In Medieval Kansas the state school board, to no ones surprise, approved the new state science standards including the recognition of Intelligent Design as an alternative to Evolution and a redefinition of science to include supernatural conclusions. It’s rumored that the University of Kansas is working on updated courses in keeping with the new theory of science in the state. I’ve been told that next semester the University will offer the following science electives:
- Alchemy 101
- Astrology and Tea Leaves
- Understanding the Natural World through the Interpretation of Scripture
- Witch Detection 101
- Modern Black Magic – a National Disgrace
I’ve been unable to verify whether or not the Department of Biology at the U of K has been closed down but I have it on good authority that a bill outlawing electricity in favor of candles has been presented to the Kansas State Legislature.
In California Arnie’s four initiatives all went down to defeat. In Texas a constitutional amendment outlawing same sex marriage was overwhelmingly approved. Hehe, I read the text of that amendment a while back and it’s so poorly written that technically it outlaws ALL marriages, including those between one man and one woman, although obviously that isn’t the intent.
In the meantime New York City returned Republican Mayor Mike Bloomberg to office by an overwhelming 19 points, rejecting “stuck in the 60’s” Democratic candidate Fernando Ferrar. Last, but certainly not least, the good people of Maine soundly rejected an attempt by a church group to repeal a law outlawing discrimination against gays.
Tuesday, November 08, 2005
The article quotes a Mr. Richard Cizik of the NAE: “Mr. Cizik said the alliance's draft position on global warming was still under review by its leaders and would not be issued unless they voted unanimously to support it.”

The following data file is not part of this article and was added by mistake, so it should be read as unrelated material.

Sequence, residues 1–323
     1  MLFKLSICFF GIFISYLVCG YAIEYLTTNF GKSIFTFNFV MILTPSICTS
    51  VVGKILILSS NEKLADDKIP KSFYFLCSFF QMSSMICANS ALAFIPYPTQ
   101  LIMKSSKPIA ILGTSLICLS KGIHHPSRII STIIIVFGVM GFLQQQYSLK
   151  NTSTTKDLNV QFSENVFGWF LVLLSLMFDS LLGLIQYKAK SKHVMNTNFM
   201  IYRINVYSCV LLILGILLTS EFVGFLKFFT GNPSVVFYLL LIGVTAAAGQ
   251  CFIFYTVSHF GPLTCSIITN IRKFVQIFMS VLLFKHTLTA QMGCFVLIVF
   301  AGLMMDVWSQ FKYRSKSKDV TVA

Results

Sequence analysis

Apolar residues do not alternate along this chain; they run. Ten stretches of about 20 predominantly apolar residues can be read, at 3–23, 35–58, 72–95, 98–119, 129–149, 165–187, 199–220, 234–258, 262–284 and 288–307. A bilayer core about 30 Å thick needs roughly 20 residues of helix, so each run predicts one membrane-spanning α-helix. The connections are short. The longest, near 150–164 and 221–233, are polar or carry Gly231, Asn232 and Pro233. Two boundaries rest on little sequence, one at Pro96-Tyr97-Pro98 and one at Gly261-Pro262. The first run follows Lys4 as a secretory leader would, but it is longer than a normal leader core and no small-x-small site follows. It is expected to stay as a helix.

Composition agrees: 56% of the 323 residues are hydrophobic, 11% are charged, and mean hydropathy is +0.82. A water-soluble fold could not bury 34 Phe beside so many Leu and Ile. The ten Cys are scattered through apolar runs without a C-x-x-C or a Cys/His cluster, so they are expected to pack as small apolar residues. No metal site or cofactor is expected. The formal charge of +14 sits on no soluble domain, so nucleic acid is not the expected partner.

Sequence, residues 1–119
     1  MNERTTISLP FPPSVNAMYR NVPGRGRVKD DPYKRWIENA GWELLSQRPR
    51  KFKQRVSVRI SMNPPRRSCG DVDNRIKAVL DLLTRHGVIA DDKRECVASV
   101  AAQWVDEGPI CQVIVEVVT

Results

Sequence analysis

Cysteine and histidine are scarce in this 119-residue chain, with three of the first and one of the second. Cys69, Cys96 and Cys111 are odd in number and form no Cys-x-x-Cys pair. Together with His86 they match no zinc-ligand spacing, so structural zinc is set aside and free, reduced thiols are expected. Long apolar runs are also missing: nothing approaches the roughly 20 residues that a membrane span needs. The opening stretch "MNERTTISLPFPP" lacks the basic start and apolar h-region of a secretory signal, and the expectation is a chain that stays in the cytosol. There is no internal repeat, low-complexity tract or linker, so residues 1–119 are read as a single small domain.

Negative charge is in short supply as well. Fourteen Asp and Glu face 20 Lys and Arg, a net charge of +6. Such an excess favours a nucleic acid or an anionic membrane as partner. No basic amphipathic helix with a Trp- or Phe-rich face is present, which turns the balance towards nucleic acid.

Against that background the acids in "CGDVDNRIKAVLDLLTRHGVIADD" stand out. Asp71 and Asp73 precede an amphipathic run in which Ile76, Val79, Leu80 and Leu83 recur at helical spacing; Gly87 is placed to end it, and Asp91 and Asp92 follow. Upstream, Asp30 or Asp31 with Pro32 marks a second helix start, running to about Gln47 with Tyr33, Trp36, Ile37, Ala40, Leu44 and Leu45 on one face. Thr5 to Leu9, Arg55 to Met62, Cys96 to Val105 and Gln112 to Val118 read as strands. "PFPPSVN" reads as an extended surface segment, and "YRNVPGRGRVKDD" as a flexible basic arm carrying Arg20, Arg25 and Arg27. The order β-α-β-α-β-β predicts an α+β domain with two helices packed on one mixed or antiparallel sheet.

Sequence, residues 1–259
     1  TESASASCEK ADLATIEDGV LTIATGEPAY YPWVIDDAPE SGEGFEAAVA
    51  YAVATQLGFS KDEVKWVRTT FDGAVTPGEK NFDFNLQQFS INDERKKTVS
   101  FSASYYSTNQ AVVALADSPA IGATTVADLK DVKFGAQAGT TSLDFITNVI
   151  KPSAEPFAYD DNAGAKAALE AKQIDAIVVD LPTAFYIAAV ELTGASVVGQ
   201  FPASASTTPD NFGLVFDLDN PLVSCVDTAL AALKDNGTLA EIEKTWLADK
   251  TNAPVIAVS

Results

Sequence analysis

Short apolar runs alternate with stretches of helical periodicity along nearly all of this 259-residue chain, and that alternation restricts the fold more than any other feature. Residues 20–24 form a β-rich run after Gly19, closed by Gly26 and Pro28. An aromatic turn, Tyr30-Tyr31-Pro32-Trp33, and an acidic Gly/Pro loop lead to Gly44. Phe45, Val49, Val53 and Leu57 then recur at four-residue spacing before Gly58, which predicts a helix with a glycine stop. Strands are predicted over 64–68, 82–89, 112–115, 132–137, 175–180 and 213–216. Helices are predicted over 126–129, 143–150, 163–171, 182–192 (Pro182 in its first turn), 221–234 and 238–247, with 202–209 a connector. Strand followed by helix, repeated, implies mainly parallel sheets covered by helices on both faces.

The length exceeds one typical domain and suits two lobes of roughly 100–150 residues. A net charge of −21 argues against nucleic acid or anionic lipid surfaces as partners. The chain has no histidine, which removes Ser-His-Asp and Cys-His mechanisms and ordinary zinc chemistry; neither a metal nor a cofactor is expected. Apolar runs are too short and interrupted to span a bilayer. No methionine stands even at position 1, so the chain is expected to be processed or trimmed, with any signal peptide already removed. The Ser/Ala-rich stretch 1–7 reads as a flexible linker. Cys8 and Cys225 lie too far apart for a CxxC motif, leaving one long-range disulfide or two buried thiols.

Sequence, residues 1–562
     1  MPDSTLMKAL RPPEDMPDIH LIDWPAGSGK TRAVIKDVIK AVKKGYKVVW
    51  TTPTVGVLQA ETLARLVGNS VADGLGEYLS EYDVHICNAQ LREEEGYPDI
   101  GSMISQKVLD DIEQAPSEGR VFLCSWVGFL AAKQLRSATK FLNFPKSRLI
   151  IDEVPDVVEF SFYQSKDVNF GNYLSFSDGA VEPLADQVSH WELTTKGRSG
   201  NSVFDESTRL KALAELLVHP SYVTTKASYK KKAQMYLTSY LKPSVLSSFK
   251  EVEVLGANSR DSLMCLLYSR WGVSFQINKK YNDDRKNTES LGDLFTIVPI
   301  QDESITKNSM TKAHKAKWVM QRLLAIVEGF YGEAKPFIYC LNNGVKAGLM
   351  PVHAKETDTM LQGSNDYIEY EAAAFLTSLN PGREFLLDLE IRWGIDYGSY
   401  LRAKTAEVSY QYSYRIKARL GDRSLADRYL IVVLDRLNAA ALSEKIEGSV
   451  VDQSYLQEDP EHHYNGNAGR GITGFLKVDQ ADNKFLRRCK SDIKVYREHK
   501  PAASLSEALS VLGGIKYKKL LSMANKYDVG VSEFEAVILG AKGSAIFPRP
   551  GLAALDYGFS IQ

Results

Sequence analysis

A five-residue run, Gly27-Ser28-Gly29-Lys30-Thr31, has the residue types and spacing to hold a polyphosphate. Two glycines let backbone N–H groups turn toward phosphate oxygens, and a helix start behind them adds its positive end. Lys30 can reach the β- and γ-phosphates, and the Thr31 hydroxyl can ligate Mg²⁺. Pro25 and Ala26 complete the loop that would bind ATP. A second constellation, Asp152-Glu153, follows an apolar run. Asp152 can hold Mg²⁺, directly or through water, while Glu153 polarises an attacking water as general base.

That doesn’t sound like a statement is imminent. It sounds to me like some members of the NAE, including Mr. Cizik in particular, are pushing for such a statement but the jury is still out on whether they will succeed. I suspect that getting “unanimous” agreement from the leaders isn’t going to be easy.
I just LOVE the reason given in the article by John Green of the Pew Forum as to why many (most?) Evangelicals don’t support environmental protections. “On the other hand, he (Green) added, ‘they don't like environmentalists. They associate environmentalists with the Sierra Club and with people who have nontraditional religiosity.’”
So because some of the people that want to protect the environment have “non-traditional religiosity,” that’s an adequate reason for NOT protecting the environment?
Excuse me while I go bang my head up against the wall for an hour or two.
So some folks that belong to the NAE, which strongly opposes choice, gay marriage and stem cell research, perhaps aren’t 100% irrational, they’re only 80% irrational. Although I might suggest that deciding whether or not ecological protections are a good thing based upon an obscure passage in Genesis is as irrational as opposing them because you think (hope?) the second coming is imminent! Of course Senator James Inhofe’s, the Chairman of the Senate Environment and Public Works Committee, response to the potential NAE statement is even more irrational. Inhofe believes that the idea that human activities contribute to global warming is "the greatest hoax ever perpetrated on the American people."
Personally I think James Inhofe is the greatest joke ever played upon the rest of the United States by the people of Oklahoma. Inhofe is what keeps Oklahoma in a neck and neck race with Kansas to see which state can deteriote into a medieval society the fastest.
While it’s always good to see disagreement within the ranks of the enemy, you'll excuse me if I don't get all bubbly and congratulatory. Cizik is basing support for environmental protections not on recognizing what anyone with half a brain should recognize, that the future of the human race is tied to the future of the earth's ecology, but on a minority interpretation of Genesis 2:15!